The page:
Autism Spectrum Disorder (ASD) affects about 1 in 68 children in the United States, and a combination of genetic and environmental factors, along with complications during pregnancy have been associated with ASD diagnoses. A new study from the National Institute of Environmental Health Services has strengthened the link between prenatal exposure to agricultural pesticides and ASD. The study’s findings have been published in the journal Environmental Health Perspectives.
In 2003, University of California-Davis began the Childhood Autism Risks from Genes and Environment (CHARGE) study. This ongoing study seeks to identify causes and risk factors for ASD and other developmental delays (DD). This particular facet of the study explored prenatal exposure to agricultural pesticides, which have known neurotoxic effects.
The researchers compared addresses during pregnancy to state records of applications of organochlorines, organophosphates, pyrethroids, and carbamates within 1.25 km, 1.5 km, and 1.75 km from those addresses. About a third of the 970 study participants lived within 1.5 km (0.9 miles) of pesticide applications during pregnancy. While proximity to any of the four classes of pesticide resulted in an increased risk of a child with ASD or DD, some of the chemicals presented a greater risk at different stages during pregnancy.
Proximity to organophosphates during prenatal development increased the risk of the child being diagnosed with ASD or DD by 60%, with exposure during the third trimester increasing the risk nearly threefold than earlier during development. However, exposure to chlorpyrifos, a subclass of organophosphates, conferred the greatest risk during the second trimester. Exposure to pyrethroids presented an increased risk before conception and during the third trimester. Prenatal exposure to carbamates resulted in an increased risk of ASD or DD, though the data did not indicate a particular time during development that was more affected by exposure. Too few volunteers in the study were exposed to organochlorines, so that data was excluded.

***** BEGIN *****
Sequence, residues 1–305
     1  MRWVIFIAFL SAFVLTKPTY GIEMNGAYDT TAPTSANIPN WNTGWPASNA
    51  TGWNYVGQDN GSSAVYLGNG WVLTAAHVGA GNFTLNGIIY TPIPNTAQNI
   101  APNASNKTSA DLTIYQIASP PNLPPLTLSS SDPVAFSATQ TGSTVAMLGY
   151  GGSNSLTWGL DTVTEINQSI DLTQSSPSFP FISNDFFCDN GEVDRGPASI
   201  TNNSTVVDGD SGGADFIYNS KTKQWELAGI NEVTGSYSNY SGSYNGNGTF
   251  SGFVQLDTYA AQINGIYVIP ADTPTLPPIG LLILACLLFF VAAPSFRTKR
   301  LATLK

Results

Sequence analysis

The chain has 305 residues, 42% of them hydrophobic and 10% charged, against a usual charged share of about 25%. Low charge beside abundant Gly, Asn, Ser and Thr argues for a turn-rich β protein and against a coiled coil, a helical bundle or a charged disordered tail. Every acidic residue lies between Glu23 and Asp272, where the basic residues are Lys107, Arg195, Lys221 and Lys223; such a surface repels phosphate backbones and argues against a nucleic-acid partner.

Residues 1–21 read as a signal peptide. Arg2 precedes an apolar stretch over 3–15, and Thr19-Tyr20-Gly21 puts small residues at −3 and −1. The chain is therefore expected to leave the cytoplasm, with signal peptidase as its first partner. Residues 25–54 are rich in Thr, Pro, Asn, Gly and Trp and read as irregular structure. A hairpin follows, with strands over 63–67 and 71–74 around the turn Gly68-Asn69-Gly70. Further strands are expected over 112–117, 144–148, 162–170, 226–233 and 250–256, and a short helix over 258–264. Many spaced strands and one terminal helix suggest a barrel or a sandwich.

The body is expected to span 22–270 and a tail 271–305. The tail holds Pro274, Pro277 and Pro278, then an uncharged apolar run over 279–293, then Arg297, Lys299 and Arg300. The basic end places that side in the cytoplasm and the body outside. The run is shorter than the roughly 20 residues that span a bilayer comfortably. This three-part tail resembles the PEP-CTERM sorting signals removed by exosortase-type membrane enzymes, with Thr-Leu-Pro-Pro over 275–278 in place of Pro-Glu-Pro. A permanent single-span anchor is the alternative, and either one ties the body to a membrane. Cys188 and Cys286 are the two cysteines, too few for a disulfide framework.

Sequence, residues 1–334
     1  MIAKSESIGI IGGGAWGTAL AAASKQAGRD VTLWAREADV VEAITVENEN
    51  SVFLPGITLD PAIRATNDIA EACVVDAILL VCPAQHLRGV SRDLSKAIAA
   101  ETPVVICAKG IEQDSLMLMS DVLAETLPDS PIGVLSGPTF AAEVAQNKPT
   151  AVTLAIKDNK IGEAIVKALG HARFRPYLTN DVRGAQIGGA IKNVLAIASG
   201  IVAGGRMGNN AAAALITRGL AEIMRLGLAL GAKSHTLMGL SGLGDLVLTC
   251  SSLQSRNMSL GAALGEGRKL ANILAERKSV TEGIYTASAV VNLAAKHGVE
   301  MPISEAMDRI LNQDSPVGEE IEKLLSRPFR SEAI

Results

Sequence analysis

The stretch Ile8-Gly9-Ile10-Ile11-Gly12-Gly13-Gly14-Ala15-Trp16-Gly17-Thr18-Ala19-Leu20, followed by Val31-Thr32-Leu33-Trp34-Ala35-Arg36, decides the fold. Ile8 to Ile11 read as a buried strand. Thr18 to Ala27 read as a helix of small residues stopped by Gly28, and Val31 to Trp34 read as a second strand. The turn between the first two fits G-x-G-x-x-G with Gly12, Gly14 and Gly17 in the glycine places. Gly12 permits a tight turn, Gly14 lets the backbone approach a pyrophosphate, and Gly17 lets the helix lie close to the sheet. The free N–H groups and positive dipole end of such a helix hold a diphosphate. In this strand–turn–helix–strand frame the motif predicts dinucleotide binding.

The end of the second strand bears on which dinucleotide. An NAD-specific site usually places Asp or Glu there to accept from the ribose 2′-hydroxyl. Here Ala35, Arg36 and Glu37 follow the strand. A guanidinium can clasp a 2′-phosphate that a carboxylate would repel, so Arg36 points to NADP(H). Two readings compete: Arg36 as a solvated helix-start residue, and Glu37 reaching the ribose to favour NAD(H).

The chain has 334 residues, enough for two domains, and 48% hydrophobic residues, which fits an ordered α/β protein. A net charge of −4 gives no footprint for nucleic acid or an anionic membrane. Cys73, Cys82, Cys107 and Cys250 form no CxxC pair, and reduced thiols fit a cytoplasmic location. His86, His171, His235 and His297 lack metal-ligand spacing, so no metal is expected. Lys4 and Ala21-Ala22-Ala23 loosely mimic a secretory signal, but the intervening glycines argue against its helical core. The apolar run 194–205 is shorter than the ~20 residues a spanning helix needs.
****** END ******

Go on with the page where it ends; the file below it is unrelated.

The researchers corrected for child ethnicity, maternal age, prenatal vitamin use, maternal education, differences in health insurance at birth, region, and maternal birth place, in order to account for other known confounders in ASD/DD diagnoses. It is also important to note that CHARGE participants are volunteers, and the type of mother seeking to participate in such a study is likely more proactive about the child’s health in the first place, and might not be indicative of the general population. However, these findings do support previous studies that have linked pesticide exposure to ASD and DD.
The study focused on where the pesticides were applied, not the diet of the mothers and how much or which pesticides were potentially ingested. The USDA has approved over 200 synthetic chemicals to be used in certified organic farming. Additionally, organic pesticides do not work as long and need to be reapplied more frequently than synthetics, which may pose a greater harm to the environment and also has negative effects on human health. Synthetic and organic pesticides can be washed off of produce with a commercial detergent (water alone will not work) or with a homemade mixture of white vinegar, baking soda, and water.
Future study will explore the specific genes and biological mechanisms affected by exposure to pesticides. The researchers recommend that women who are trying to conceive or who are pregnant should avoid direct contact with pesticides as much as possible to reduce risk of the fetus developing ASD or DD.
[Header image “An Air Tractor Doing Some Crop Dusting near the Farm” by Pete Markham via flickr, used in accordance with CC BY-SA 2.0]